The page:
When Warren Buffett committed his fortune to the Gates Foundation he did a lot more than give away his money. He put his seal of approval on prioritized, purposeful charity.
That's not the way most of us give.
It's certainly not the pattern you'll find in the Burns household. When I examine our checkbook I find an odd patchwork. Some gifts are unexamined habits. Others were impulses. Still others were made because one of us was asked by a friend or business associate. If your pattern is like ours, I'll bet it's also for the same reason: There was neither a plan nor a schedule. Gifts just happened. Events tend to overrun intentions.
There is a cure. And you don't need the millions required for establishing and operating a personal foundation to get it. All you need is a Charitable Gift Fund. You can start one, today, with as little as $5,000. They are the equivalent of your own personal foundation, without the paperwork.
While there are now more than 20 Charitable Gift Funds, not to mention similar community foundations, the largest three dominate the field with well over $5 billion in assets under management. You start by filling out an application, deciding whether you want to contribute cash or securities, and choosing how you want the money invested.
Once the gift is made you get a tax deduction for the full amount and the ability to choose when you make gifts, and which charitable organizations will receive them.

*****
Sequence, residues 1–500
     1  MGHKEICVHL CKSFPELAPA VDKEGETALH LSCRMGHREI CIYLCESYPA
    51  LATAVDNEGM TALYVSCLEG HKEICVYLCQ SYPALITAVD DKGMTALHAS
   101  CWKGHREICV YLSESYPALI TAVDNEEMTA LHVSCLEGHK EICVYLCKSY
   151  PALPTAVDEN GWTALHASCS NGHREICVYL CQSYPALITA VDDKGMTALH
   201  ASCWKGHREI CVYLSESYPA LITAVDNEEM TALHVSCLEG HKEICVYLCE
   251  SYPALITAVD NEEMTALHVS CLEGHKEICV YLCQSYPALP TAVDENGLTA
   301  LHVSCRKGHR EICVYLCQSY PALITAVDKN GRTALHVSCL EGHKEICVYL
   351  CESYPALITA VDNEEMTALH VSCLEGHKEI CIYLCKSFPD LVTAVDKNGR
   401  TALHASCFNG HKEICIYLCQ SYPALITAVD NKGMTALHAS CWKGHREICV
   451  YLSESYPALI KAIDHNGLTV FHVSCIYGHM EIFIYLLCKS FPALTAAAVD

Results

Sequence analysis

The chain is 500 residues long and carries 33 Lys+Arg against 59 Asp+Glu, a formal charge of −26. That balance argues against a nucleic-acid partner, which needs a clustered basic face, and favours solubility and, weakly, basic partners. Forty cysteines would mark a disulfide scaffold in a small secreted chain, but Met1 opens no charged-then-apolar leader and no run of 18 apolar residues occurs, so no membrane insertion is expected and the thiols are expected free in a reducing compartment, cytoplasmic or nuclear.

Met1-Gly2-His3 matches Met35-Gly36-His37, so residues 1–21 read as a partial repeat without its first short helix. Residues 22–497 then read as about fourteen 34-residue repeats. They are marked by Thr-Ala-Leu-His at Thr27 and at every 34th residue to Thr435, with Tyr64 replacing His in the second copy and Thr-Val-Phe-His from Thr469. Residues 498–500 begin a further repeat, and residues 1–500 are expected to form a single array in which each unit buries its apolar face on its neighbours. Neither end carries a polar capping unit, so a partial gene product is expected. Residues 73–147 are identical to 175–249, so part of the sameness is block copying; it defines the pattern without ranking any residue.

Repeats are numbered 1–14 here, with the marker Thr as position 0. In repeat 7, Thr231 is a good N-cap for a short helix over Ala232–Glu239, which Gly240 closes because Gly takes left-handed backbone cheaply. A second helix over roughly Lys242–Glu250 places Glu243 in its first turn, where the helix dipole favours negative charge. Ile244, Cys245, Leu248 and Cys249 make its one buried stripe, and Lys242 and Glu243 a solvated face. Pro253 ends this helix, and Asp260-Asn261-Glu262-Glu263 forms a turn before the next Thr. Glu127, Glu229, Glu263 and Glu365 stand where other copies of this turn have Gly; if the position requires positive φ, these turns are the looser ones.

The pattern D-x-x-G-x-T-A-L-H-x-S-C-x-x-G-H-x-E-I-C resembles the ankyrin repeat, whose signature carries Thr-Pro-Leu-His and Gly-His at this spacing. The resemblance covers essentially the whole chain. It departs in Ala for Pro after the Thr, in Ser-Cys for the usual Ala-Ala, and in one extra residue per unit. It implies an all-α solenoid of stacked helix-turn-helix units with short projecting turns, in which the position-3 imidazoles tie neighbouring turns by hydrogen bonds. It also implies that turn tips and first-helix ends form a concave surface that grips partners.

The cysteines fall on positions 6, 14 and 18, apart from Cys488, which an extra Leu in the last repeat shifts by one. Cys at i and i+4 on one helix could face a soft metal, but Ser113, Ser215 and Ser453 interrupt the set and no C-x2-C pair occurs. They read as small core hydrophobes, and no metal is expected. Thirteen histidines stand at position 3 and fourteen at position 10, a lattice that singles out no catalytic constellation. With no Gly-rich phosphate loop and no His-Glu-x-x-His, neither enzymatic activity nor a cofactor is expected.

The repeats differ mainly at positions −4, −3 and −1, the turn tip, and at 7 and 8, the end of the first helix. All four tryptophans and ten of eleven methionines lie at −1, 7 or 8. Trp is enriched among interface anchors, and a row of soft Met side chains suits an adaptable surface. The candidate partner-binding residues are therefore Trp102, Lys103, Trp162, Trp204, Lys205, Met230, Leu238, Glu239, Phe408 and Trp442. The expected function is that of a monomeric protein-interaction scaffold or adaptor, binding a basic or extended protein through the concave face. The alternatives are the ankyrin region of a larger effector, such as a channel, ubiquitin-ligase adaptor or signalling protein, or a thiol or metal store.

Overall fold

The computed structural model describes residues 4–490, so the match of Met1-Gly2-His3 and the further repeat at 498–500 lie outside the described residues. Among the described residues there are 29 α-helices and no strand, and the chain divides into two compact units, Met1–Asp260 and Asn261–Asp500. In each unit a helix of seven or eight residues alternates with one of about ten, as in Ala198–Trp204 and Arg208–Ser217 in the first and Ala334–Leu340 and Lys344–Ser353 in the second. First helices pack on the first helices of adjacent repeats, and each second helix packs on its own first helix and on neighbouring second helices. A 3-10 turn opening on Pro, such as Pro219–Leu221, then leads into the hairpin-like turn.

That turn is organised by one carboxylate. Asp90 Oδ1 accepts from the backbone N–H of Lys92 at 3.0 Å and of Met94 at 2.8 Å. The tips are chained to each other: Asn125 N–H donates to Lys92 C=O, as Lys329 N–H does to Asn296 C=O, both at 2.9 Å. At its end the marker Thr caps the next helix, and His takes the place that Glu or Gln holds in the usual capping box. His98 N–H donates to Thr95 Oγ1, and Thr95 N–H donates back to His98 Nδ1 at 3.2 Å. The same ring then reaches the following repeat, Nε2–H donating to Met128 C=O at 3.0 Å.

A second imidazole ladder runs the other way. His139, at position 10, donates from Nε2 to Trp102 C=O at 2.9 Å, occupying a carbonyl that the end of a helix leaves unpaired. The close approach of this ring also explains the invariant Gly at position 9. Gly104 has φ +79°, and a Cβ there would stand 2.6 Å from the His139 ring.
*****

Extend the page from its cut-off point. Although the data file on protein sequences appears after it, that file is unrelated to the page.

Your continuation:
The tax deduction part is important. Suppose you are having a really good year. And you've got some big gains in mutual funds. Well, the better your year and the bigger your gains, the bigger the helping hand from our friends at the Internal Revenue Service.
Suppose you know you'll be in the 35 percent tax bracket. Suppose you also own shares that have doubled in value. If you donate the shares you'll avoid the capital gains tax--- at least 7.5 percent of the amount you'll give--- and you'll cut your tax bill by another 35 percent. The tax savings mean a gift of $100,000 took only $57,500 out of your pocket. Figure an investment with much larger gains or living in a state with an income tax and the after-tax cost of your gift can be less than fifty cents on the dollar.
Your new fund, however, will have every dollar working for it, earning tax-free. And you'll be free to plan a flow of gifts throughout the year. Knowing the money is already there is a great incentive to be thoughtful and organized.
Fidelity Charitable Gift Fund, the largest and oldest of the group, has $3.5 billion in assets. It recently reduced the minimum initial contribution to $5,000 and the minimum gift to $100. That's pretty flexible. Vanguard Charitable Endowment Program has about $1.3 billion in assets and a minimum initial donation of $25,000. The Schwab Charitable Fund has about $1.1 billion in assets and a minimum initial donation of $10,000.
The best comment on having one of these funds came from a friend who has one: "When you put your giving first, not last, it gets to be real fun."
More information on charitable gift trusts and charitable giving:
Fidelity website: www.charitablegift.org, tel. 800-682-4438
Vanguard website: www.vanguardcharitable.org, tel. 888-383-4483
Schwab website: www.schwabcharitable.org, tel. 800-746-6216
BBB Wise Giving Alliance: www.give.org
American Institute of Philanthropy: www.charitywatch.org
National Center for Charitable Statistics: www.nccs.urban.org
Independent Charities of America: www.independentcharities.org
The Chronicle of Philanthropy: www.philanthropy.com